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Sweeping bank reform bill clears House

Discussion in 'Political Discussion' started by reflexblue, Dec 11, 2009.

  1. reflexblue

    reflexblue PatsFans.com Supporter PatsFans.com Supporter

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    #91 Jersey

    Good, its needed, it was thought that wall street and the banking industry could police themselves, that they would be responsable, in the end they weren't. It obvious they need rules and regulations, otherwise we'll just end up back here again.

    Bank reform bill passed by House - Dec. 11, 2009

    WASHINGTON (CNNMoney.com) -- The House passed legislation Friday aimed at preventing the next big financial crisis, ushering in the most sweeping set of changes to the banking regulatory system since the New Deal.

    The bill, which passed 223-202, imposes more oversight and stronger capital cushions for the largest banks and Wall Street firms. It forces them to pay a total of as much as $150 billion into an emergency fund that could be tapped when a troubled firm needs to be taken over and broken up.

    The legislation also calls for the regulation of some derivatives and creates a new Consumer Financial Protection Agency to regulate products such as credit cards and mortgages.

    "The bailouts of AIG and Bear Stearns would be not possible -- made illegal -- under this bill," Rep. Barney Frank, D-Mass., chairman of the House Financial Committee, said Wednesday as debate started on the bill. "If a company fails, it'll be put to death."

    The House rejected, by 223-208, an amendment that would have effectively killed the Consumer Financial Protection Agency, replacing it with a council of existing regulators.

    The members also voted down, by 241-188, an amendment that would have given bankruptcy judges new powers to lower balances on mortgages in order to prevent homeowners from losing their homes in foreclosure.
  2. PatriotsReign

    PatriotsReign On the Roster

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    Wow....honestly, this is the best thing congress has done since January....maybe even much longer (but I don't wanna go look it up!:D)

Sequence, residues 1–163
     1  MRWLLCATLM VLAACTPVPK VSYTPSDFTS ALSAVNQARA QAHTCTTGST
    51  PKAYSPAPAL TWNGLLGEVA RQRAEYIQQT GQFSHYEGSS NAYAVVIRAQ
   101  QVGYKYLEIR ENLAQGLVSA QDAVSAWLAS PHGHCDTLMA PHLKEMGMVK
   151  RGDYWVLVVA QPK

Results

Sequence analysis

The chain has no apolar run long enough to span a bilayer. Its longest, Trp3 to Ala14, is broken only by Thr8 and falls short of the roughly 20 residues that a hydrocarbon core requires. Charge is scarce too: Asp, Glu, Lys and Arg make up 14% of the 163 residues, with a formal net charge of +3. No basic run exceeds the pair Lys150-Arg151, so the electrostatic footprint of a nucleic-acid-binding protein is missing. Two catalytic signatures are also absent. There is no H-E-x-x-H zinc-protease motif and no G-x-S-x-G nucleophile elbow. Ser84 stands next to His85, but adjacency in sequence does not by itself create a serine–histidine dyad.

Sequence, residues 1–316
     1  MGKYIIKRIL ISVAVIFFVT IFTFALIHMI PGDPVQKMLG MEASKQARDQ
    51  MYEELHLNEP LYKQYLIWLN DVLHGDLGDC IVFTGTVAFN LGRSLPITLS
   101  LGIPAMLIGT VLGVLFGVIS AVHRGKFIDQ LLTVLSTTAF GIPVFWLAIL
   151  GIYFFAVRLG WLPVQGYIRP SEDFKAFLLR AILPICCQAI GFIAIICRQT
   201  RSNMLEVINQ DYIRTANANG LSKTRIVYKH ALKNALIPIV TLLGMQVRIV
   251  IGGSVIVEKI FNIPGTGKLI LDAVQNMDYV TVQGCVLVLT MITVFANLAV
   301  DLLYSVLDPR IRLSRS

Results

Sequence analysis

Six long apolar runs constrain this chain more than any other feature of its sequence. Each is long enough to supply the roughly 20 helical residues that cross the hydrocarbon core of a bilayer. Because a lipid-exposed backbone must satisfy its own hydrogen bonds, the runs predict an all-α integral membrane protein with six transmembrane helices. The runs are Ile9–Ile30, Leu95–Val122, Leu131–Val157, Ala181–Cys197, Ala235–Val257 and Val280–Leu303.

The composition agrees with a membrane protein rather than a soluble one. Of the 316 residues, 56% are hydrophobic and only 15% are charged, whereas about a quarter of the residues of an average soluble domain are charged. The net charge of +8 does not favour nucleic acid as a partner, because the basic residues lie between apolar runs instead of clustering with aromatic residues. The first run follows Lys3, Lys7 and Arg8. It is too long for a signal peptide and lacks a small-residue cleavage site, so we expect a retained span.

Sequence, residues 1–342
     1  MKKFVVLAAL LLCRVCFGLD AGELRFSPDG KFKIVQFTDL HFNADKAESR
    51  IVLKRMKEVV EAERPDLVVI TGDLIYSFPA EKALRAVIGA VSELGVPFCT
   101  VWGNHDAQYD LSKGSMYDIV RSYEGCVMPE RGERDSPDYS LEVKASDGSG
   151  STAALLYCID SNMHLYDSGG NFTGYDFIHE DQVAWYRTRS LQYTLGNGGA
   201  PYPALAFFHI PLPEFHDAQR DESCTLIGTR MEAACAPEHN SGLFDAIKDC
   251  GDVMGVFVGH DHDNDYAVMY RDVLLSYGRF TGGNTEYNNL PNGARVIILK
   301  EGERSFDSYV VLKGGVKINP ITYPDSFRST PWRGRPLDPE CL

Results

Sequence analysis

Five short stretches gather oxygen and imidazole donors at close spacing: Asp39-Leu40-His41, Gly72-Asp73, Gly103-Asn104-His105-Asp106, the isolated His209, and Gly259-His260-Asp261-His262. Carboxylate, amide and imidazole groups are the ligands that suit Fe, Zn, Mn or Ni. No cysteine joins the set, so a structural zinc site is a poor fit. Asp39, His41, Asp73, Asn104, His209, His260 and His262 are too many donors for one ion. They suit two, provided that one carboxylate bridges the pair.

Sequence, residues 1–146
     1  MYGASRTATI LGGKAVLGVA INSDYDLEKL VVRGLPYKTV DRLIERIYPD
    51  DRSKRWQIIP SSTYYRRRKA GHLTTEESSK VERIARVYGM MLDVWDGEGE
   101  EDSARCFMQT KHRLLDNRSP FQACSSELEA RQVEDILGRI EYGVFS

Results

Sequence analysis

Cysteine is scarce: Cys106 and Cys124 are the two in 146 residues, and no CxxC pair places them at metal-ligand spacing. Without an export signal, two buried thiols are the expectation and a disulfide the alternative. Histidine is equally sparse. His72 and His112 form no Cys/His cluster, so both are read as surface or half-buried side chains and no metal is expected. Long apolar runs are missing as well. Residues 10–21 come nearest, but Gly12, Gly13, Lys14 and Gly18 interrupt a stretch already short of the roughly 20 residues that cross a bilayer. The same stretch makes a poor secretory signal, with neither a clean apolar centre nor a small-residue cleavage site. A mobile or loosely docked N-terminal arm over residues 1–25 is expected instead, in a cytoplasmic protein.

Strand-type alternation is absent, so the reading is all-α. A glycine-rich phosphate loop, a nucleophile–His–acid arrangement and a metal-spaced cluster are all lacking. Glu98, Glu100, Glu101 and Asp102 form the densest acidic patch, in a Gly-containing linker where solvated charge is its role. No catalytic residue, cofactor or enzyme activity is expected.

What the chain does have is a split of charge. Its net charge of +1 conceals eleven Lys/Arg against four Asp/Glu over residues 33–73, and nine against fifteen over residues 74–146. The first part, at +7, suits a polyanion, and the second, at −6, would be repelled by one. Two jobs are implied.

My VERY favorite part is.....

    "The members also voted down, by 241-188, an amendment that would have given bankruptcy judges new powers to lower balances on mortgages in order to prevent homeowners from losing their homes in foreclosure."

    If a business has to die, so does a home owner...figuratively speaking of course!

    If I'd have guessed which way congress would vote on the mortgage part, I would have said they'd pass an amendment to lower mortgages...which would have been the stupidest thing congress has done in .... well days anyway!
  3. MrSparkle

    MrSparkle Rookie

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    From what you have posted I'm also in agreement. Seems like it might be some good legislation. I'll need to read a bit more but on the surface it looks good.
  4. reflexblue

    reflexblue PatsFans.com Supporter PatsFans.com Supporter

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    #91 Jersey

    For the last fifteen or twenty years its been like a giant ponsi scheme
  5. PatriotsReign

    PatriotsReign On the Roster

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    And when it came time for that house of card to fall....our gov't gave them OUR money to bail them out.